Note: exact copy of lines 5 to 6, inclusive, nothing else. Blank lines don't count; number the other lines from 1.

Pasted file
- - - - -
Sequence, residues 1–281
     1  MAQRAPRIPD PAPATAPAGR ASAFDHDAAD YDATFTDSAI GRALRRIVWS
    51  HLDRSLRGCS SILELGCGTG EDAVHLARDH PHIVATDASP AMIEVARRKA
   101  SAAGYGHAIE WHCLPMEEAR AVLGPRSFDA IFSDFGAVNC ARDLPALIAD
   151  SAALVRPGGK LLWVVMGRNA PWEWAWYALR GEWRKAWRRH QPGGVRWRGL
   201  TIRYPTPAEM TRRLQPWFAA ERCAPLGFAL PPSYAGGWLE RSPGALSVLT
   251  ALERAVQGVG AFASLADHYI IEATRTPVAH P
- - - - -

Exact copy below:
   151  SAALVRPGGK LLWVVMGRNA PWEWAWYALR GEWRKAWRRH QPGGVRWRGL
   201  TIRYPTPAEM TRRLQPWFAA ERCAPLGFAL PPSYAGGWLE RSPGALSVLT